The players, too, stand to lose a significant portion of their salaries. While those on guaranteed contracts will not be affected by cancelled games, all first- and second-year players signed to base salary contracts with match payments could stand to lose quite a bit.

Risks to athletes’ health

While the risk to fans is of obvious concern, the health of athletes should also be taken into consideration.

Many of us think of athletes as some of the healthiest people we know. And yet, research suggests elite athletes can be more susceptible to viruses due to the immense physical and mental stress they are under, which may affect their immune systems.

There are also added risks associated with air travel, physical contact during competition and living in close quarters with other athletes. A study of the Finnish team at the 2018 Winter Olympics showed just how fast such illnesses like the common cold can spread during competitions.


Read more: The coronavirus pandemic is forcing us to ask some very hard questions. But are we ready for the answers?


This explains why the NBA advised players to avoid high fives and minimise contact with autograph seekers, and then immediately suspended its season when one player tested positive.

The AFL, by comparison, has seemed divided on how to deal with a player possibly contracting coronavirus. It has provided some advice to clubs on prevention strategies, but is leaving it to them to develop their own protocols.

Keep calm and carry on

As the Australian leagues grapple with how to respond to the virus, the organisers of the biggest sporting event of the year, the Tokyo Olympics, are still weighing their options.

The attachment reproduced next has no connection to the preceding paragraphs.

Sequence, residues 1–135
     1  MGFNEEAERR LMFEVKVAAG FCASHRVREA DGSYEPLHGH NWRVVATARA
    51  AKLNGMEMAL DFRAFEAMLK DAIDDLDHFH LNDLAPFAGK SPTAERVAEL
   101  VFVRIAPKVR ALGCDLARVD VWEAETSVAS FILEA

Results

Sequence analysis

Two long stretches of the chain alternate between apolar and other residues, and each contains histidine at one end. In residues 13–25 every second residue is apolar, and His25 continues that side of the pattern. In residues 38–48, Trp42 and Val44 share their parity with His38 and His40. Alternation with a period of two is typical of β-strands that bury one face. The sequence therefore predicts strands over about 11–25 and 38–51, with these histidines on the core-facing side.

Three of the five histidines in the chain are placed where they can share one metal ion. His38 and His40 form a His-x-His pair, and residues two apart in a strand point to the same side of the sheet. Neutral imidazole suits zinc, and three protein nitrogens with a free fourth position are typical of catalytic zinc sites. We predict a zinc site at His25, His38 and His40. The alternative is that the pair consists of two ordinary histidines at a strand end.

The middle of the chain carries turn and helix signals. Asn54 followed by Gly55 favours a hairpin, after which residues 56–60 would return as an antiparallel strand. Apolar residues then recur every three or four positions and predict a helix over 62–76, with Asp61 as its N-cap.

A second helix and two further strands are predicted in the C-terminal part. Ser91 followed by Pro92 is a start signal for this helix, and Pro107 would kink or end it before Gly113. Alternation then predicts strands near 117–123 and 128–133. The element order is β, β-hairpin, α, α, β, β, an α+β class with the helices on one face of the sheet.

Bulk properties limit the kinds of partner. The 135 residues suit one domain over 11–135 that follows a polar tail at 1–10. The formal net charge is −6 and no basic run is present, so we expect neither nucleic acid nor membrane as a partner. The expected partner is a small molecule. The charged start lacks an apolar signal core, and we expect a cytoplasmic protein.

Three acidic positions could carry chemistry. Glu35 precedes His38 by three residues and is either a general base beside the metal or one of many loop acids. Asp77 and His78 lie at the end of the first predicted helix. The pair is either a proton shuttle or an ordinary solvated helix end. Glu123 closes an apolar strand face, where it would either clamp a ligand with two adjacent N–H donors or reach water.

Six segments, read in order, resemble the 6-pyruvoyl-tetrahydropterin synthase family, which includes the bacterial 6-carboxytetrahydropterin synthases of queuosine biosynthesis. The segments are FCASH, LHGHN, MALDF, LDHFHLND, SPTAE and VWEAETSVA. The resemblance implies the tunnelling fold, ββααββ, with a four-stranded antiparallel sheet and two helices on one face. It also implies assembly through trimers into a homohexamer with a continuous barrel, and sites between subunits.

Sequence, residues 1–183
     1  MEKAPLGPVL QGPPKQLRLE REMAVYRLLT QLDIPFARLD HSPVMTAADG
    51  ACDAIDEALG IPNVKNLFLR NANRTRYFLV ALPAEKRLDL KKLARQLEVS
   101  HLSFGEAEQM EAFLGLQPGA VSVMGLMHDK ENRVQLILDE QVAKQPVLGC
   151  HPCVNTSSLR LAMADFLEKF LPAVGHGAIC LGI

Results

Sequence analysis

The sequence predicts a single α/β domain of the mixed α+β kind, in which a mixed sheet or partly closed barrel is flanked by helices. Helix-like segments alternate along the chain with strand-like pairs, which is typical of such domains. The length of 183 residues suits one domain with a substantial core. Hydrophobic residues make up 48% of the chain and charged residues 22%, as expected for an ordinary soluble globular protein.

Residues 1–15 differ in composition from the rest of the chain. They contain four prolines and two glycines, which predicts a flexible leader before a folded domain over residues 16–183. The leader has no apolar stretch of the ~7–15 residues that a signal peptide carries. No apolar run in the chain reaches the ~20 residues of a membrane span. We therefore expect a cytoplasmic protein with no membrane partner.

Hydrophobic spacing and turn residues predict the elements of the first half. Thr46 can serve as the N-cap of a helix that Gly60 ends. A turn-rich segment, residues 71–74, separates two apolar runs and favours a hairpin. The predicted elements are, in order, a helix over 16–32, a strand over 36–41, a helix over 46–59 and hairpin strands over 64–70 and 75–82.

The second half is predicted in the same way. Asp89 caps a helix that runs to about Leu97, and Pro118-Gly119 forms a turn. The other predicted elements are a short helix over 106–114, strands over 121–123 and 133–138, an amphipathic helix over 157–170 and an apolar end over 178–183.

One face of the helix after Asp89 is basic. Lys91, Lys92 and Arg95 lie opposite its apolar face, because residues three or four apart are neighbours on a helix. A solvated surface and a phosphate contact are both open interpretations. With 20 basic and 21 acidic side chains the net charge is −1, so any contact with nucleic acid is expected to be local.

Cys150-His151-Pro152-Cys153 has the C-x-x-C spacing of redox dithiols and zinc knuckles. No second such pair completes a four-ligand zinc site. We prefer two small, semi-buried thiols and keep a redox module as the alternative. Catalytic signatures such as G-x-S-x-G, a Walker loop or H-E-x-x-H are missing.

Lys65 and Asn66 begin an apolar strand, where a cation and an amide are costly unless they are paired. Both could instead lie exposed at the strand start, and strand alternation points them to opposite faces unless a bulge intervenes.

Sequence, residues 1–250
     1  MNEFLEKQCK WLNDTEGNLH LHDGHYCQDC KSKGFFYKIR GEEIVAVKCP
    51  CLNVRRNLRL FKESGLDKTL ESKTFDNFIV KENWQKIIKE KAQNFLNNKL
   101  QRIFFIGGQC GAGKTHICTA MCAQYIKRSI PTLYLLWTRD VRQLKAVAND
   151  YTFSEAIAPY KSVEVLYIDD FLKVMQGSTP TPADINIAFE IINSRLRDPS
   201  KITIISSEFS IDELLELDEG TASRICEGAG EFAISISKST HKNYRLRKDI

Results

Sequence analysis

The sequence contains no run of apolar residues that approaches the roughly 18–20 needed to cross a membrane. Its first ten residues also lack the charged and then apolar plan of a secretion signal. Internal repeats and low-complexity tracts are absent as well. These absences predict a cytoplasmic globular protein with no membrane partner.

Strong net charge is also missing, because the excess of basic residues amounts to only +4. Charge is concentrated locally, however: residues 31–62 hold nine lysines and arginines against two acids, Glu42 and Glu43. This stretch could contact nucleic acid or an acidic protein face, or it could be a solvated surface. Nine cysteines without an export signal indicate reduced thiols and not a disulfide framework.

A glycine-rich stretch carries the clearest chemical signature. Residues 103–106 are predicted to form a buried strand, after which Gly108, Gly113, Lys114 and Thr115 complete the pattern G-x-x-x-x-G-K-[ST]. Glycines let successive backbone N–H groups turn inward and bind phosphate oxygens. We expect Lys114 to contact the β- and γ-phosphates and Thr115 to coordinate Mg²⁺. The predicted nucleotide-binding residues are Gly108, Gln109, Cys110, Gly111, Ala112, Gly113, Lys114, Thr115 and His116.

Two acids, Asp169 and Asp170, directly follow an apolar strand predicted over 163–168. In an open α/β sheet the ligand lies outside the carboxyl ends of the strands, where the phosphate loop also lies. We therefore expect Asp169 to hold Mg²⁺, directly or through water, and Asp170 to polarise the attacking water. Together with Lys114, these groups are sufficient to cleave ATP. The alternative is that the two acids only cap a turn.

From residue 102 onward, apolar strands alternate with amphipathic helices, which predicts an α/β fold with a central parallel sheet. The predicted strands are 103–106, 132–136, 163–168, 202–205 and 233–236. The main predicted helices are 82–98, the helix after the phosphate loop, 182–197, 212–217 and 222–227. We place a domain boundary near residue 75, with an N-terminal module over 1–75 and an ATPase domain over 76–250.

Though the International Olympic Committee and the Tokyo 2020 Olympic chief have affirmed their commitment to hold the games as planned, the situation remains fluid.

For now, Australian athletes continue to train and prepare for the Olympics as normal, though they are being advised not to travel overseas.

When it comes to domestic sports leagues and sporting events, however, more caution is certainly needed. While the decision to cancel matches does not solely lie with sports authorities, they should be taking more guidance from what is being done by leagues overseas.

It’s surely no longer business as usual and Australian sport officials can no longer just watch this space before deciding how to act.


This story has been updated since publication with the news of the official cancellation of the Australian Grand Prix.

The authors do not work for, consult, own shares in or receive funding from any company or organization that would benefit from this article, and have disclosed no relevant affiliations beyond their academic appointment.